Bitcoin, Ripple, Ethereum: What is the difference? Which should you invest in?

Bitcoin, Ripple, Ethereum: What is the difference? Which should you invest in?

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Bitcoin – BTC

Dubbed the King of cryptocurrencies, bitcoin’s unprecedented bull run through 2017 cemented its place on top of the crypto markets.

Kicking off 2017 at less than £737 ($1,000) the token has topped a record high of just below £14,744 ($20,000) in December last year, according to CoinDesk.

There are currently well over 16 million BTC tokens in existence with a staggering market capitalisation of over £204billion ($277billion) – the single biggest market cap by more than £73billion ($100billion).

The white paper was first revealed to the world in October 2008, penned by an anonymous individual or group of programmers under the pseudonym of Satoshi Nakamoto.

Bitcoin mining then officially began in January 2009 and the peer-to-peer network and currency token has grown massively since.

The question of whether or not you should invest in bitcoin has split analysts and investors alike, with very strong opinions in both camps of the argument.

Jamie Dimon, CEO of investment giant JPMorgan Chase, joined the chorale of analysts who urged against betting your money on the volatile token.

He said: “I think this is going to be the biggest bubble of our lifetimes by a long shot.”

Many investors were put off by bitcoin’s inherent volatility in December last year, when the token plunged from its all-time high prices by more than £4,900 ($6,700) in the space of three days.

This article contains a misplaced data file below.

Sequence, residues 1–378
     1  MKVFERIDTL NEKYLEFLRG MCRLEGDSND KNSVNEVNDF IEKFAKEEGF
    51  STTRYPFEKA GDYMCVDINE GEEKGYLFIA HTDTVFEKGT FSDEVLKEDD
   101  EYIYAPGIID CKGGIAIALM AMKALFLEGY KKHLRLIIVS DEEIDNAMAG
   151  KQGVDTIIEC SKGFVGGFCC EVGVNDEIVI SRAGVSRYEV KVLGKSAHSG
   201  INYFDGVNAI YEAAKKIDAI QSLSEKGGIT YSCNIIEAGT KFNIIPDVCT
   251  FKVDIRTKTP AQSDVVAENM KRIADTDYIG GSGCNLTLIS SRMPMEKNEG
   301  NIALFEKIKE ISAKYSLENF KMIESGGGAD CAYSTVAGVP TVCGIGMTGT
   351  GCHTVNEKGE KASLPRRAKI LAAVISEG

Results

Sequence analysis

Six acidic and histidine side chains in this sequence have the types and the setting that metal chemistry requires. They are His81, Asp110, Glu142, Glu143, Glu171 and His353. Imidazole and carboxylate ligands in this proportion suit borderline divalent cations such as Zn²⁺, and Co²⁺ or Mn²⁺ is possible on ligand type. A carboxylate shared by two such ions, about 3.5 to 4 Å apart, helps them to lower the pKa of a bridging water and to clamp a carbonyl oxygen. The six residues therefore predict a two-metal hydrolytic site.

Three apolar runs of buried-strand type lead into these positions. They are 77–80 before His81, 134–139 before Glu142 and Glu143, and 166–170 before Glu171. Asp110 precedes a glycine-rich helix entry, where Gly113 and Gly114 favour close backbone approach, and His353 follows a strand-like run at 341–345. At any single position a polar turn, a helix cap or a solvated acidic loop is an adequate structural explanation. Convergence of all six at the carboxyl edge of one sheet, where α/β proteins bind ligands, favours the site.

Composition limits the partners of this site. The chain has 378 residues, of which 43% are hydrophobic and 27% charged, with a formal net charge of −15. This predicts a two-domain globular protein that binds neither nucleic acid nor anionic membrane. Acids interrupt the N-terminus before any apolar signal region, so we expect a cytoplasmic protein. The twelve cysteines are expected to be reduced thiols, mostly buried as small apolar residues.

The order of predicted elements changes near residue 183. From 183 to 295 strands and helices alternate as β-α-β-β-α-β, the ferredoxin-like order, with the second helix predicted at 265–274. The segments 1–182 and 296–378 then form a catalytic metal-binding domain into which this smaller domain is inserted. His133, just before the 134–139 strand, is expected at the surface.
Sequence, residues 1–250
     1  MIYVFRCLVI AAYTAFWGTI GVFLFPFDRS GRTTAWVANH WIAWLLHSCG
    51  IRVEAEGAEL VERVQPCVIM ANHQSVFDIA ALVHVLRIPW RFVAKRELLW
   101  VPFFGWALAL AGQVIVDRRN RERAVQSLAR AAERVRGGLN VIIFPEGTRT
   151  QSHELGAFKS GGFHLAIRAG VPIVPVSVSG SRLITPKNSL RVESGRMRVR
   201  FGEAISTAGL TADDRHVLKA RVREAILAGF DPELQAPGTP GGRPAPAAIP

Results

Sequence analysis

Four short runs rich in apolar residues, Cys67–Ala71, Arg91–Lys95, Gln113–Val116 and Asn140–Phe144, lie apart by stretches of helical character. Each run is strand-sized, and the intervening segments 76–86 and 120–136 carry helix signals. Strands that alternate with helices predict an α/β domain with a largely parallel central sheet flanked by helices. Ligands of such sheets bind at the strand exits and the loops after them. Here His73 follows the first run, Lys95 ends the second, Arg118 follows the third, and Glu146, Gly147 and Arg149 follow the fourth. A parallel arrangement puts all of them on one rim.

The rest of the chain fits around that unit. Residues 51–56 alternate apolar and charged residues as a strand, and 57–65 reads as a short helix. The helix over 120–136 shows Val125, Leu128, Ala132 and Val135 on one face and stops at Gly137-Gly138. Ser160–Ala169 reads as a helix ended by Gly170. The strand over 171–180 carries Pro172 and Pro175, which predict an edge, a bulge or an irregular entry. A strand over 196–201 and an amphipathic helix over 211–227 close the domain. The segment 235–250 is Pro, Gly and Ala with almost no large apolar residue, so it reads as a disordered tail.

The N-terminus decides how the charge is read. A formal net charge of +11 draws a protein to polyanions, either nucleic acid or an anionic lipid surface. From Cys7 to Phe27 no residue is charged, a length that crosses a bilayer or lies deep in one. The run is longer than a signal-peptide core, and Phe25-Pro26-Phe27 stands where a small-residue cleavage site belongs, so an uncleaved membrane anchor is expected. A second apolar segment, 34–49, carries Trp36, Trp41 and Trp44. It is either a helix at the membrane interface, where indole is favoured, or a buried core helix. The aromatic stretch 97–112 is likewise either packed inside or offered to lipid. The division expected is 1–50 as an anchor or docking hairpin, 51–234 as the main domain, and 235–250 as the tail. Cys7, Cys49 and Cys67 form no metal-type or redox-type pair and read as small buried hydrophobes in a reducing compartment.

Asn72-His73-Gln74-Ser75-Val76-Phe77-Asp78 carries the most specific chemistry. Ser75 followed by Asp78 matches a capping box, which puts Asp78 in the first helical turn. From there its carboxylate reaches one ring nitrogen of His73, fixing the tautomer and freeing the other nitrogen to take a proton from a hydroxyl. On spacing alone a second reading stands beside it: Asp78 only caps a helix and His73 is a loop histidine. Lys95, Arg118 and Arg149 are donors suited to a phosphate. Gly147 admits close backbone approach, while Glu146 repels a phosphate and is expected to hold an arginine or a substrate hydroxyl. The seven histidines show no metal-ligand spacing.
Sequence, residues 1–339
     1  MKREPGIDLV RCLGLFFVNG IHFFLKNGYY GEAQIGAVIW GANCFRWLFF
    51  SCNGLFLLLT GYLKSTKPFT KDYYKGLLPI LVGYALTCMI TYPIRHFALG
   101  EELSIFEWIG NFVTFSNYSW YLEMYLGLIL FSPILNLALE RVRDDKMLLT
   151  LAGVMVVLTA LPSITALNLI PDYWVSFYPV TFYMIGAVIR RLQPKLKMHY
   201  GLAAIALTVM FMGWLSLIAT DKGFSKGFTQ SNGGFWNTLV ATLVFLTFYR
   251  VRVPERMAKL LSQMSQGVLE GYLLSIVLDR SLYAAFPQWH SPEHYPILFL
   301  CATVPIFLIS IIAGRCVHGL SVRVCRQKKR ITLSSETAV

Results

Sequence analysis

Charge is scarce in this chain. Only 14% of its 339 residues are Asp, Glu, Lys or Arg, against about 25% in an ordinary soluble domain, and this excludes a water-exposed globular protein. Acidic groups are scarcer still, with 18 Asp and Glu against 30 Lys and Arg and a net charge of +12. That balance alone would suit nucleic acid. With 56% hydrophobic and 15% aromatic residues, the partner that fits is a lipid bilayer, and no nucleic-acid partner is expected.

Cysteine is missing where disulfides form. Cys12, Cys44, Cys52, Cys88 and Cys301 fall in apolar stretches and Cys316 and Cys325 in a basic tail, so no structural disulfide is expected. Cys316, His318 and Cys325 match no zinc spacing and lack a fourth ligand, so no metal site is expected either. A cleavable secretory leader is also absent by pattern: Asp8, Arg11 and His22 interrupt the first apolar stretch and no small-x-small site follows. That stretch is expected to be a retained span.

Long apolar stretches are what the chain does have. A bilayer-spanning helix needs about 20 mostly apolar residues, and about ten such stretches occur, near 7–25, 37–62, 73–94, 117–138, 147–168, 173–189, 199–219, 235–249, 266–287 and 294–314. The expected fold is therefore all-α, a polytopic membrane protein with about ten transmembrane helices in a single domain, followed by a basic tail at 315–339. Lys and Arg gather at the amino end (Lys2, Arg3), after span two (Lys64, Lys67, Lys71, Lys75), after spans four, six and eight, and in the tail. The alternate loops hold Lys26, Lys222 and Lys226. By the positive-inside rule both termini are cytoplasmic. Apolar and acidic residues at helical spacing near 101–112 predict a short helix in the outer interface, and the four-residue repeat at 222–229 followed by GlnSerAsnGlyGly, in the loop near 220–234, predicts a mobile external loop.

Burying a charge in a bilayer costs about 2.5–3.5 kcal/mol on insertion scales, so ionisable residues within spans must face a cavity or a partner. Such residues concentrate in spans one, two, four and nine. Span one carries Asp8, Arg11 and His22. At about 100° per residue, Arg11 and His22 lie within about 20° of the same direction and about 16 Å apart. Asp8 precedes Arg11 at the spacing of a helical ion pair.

However some analysts have been more positive about bitcoin’s future potential to be recognised as a genuine store of value – more so than an investment.

Nicholas Gregory, CEO of CommerceBlock, told Express.co.uk: “Bitcoin is a tangible asset, because once you own one bitcoin you own one bitcoin for life. You own £100 but is that really £100 in five years time when the Government prints more money?”

Ripple token prices from CoinMarketCapCOINMARKETCAP

Ripple’s market capitalisation is second only to bitcoin on the crypto markets

Ripple – XRP

Ripple – the new player on the block – emerged in the past week to the top of the crypto markets with a £88billion ($120billion) market capitalisation second only to bitcoin.

Compared to bitcoin, ripple has a minuscule price point of just £2.30 ($3.12), but there are some 40 billion tokens currently held by customers, compared to bitcoin’s 16 million.


The main criticism levelled at XRPs, and thus also against the Ripple network, is the way the XRPs were distributed

Piotr Piasecki, Factom


Ripple has made the headlines this month after skyrocketing more than 1,000 percent in value since December 2017 – rising from around $0.006 per token.

Unlike the decentralised bitcoin, ripple was conceived as an alternate to money transfer systems such as SWIFT.

Ripple’s management believe that their platform offers a faster and more reliable transfer network than its direct competition.